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RE: XSL and Web Native distributed computing, was Re: HTML i

Subject: RE: XSL and Web Native distributed computing, was Re: HTML is a
From: "Jonathan Borden" <jborden@xxxxxxxxxxxx>
Date: Tue, 27 Apr 1999 21:22:59 -0400
javascript distributed computing
Guy_Murphy@xxxxxxxxxx wrote:

...At present I have been
> using HTCs
> in order to prototype GUI presentation objects, and I see no reason why
> not, and many reasons why this paradigm would be a good one to persue.

	Actually, XSL is a great way to programmatically cruft up arbitrary HTC's
and Microsoft's "behaviors" are a neat way to implement namespace handlers
e.g. adding VML support to a browser.

> It is right and proper that we consider documents as our starting point,
> but with regard to XML and XSL we should be considering not just the next
> 10 months, but the next 10 years.
> Over this period of time I think the persuit of Web applications, and the
> persuits of easily describable interfaces for shells and applications
> *will* meet, it's just a question of whether they meet with an
> embrace or a
> crunch. Netscape and MS are already making inroads into this area, both
> with very divergent strategies, as is everybody else's strategy.

	That's the problem. The standards bodies do a terrific job defining 98% of
the problem (e.g. the DOM) leaving implementors the task of arbitrarily
defining the other 2% required to get useful work done (e.g. createDocument
etc). What we end up with are platform dependent, incompatible programs.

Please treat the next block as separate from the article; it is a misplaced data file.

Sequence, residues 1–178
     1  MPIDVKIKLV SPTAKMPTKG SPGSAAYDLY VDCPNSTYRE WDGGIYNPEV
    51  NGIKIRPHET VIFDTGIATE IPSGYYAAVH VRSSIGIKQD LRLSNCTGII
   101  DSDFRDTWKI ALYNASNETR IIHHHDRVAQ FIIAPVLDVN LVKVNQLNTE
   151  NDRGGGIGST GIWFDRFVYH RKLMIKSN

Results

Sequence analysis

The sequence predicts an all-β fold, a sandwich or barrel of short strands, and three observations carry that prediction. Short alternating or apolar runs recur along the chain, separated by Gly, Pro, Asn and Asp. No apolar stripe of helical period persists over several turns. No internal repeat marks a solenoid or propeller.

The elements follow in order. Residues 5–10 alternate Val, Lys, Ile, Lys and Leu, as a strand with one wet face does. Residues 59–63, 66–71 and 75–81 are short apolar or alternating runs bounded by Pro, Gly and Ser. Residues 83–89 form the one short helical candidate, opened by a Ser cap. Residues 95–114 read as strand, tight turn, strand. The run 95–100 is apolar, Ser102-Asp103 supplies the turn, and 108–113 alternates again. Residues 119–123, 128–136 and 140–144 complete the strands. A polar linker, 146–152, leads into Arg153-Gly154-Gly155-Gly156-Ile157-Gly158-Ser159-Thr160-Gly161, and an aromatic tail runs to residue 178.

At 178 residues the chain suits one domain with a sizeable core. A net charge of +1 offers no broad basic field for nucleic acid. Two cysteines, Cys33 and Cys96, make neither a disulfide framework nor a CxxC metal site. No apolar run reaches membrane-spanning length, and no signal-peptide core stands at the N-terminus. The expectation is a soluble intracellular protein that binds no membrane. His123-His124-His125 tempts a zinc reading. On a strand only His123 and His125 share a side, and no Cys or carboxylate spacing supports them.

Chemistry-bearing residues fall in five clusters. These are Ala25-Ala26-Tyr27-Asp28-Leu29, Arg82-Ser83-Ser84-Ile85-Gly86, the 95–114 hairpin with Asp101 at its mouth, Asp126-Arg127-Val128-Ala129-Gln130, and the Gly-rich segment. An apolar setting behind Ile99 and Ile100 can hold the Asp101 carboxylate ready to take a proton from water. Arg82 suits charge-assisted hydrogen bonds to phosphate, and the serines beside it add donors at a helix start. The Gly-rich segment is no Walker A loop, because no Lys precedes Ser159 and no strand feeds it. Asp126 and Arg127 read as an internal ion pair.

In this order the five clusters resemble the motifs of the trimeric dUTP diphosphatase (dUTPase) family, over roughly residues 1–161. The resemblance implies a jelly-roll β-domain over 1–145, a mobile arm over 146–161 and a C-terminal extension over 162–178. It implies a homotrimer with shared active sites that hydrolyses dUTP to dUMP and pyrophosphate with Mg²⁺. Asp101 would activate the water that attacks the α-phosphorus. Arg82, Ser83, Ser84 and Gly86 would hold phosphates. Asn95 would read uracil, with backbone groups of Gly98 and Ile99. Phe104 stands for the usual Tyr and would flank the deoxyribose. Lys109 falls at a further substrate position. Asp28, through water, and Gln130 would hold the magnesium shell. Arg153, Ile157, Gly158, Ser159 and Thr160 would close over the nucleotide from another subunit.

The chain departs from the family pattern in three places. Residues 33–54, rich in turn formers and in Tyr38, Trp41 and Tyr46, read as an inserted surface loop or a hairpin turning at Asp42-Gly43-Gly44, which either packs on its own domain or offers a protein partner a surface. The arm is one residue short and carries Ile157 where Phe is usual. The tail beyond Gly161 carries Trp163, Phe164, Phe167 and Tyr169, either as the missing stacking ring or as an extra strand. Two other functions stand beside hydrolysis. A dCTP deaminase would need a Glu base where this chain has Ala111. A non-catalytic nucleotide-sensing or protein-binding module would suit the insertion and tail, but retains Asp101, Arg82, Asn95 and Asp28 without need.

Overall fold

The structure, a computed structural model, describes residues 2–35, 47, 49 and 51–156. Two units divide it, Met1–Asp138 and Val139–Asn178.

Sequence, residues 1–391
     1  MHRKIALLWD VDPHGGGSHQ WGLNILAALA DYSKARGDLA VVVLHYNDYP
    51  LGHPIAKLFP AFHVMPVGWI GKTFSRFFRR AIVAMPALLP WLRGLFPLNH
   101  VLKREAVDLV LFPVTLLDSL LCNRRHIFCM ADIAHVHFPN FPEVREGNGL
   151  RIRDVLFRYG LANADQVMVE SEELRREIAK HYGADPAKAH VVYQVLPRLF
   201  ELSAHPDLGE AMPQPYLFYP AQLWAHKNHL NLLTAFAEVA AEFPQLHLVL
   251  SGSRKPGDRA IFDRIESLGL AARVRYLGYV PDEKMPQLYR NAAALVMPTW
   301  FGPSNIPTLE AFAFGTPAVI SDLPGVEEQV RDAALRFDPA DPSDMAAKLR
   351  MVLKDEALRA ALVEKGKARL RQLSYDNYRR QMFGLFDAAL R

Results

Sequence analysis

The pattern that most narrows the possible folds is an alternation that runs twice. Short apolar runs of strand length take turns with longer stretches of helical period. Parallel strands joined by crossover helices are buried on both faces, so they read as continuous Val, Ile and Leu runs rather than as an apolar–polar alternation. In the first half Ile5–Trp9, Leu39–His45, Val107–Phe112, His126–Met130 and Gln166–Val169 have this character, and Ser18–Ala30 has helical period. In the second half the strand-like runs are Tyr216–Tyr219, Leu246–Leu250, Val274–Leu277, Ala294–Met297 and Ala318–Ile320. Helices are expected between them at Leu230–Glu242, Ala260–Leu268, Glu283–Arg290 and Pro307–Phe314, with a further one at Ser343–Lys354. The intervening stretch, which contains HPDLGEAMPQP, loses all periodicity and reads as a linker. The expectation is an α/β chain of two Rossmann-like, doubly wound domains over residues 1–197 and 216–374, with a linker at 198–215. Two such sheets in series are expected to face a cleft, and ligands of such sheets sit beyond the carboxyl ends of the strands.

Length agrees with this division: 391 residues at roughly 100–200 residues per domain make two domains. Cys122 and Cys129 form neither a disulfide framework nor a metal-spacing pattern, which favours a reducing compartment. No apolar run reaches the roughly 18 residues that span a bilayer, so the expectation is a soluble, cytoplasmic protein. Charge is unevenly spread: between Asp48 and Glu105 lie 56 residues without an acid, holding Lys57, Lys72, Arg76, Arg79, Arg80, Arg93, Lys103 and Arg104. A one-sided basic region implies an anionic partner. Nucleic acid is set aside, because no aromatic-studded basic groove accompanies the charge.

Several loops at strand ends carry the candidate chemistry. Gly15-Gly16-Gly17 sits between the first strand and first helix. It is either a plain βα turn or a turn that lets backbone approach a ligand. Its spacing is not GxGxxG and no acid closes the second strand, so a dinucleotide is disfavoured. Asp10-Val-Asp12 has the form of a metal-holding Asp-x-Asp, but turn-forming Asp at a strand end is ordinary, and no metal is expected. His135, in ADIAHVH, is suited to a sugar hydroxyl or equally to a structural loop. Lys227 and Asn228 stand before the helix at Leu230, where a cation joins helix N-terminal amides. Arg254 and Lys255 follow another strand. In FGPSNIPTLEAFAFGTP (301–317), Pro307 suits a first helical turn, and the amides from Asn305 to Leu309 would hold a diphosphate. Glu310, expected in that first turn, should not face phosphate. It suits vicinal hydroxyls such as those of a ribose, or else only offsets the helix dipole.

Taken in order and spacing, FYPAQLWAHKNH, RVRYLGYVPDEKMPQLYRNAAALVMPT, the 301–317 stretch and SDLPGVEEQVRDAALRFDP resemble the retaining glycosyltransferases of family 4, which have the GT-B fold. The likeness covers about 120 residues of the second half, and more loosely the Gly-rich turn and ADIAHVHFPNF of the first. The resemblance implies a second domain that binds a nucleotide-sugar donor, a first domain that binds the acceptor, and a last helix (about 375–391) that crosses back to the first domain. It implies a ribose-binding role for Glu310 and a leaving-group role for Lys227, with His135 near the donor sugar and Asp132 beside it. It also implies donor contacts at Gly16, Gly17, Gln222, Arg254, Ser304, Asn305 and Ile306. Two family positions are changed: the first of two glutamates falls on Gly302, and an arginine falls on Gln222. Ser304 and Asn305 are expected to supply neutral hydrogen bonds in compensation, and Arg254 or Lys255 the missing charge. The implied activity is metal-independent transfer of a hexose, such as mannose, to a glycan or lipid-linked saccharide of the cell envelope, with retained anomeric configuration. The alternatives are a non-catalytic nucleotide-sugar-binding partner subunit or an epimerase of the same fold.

One of the biggest problems is the edge area of the solutions where glue
code needs to be written to get everything to work together. One thing that
ought to be a tremendous help is that Mozilla has adopted XPCOM and
XPConnect. At least once this is implemented and deployed we should get a
common syntax between MS and Mozilla about how to control a binary object
such as a C/C++ DOM/XSL implementation via JavaScript. In a similar fashion,
Java objects will integrate with JavaScript glue code.

	At the moment, its not possible to do sophisticated browser platform
independent programming without resorting to a forest of "if (ie) {} else
{}" scriptlets. Netscape is stuck in Java 1.0 land unless you use a
non-scriptable plugin, leaving IE as the only reasonable way to do client
side XML/XSL programming, but clearly Mizilla/Gecko has great potential if
it can get a good XSL implementation.

	These are my base requirements for a browser platform which supports Web
native distributed computing:

	- JavaScript
	- HTML + XML DOM (e.g. DHTML)
	- Scriptable Java 1.1 (e.g. XPConnect or Java-COM).

	- *** Unified object model between Java, Javascript and binary objects e.g.

	var javaXML = new applet("org.w3.xml");
	var javaXSL = new applet("org.w3.xml");
	var str = javaXML.transform(javaXSL);


Jonathan Borden

> Can XSL or an adjacent spec provide the unified description of the GUI to
> extend the Web beyond the document to both the application and onto the
> desktop?
	I still think that HTML is suited to the UI description task (i.e. XHTML
via XSL), employing XML for the semantic description task.

Jonathan Borden
JABR Technology Corp.

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